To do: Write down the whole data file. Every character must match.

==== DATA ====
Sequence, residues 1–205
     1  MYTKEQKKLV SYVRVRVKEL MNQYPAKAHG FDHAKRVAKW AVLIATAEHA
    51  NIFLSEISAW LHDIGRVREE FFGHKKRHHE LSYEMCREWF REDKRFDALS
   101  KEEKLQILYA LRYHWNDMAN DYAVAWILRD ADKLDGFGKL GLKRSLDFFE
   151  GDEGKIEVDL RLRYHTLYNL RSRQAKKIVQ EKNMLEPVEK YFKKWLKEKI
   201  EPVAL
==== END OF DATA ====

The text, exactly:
Sequence, residues 1–205
     1  MYTKEQKKLV SYVRVRVKEL MNQYPAKAHG FDHAKRVAKW AVLIATAEHA
    51  NIFLSEISAW LHDIGRVREE FFGHKKRHHE LSYEMCREWF REDKRFDALS
   101  KEEKLQILYA LRYHWNDMAN DYAVAWILRD ADKLDGFGKL GLKRSLDFFE
   151  GDEGKIEVDL RLRYHTLYNL RSRQAKKIVQ EKNMLEPVEK YFKKWLKEKI
   201  EPVAL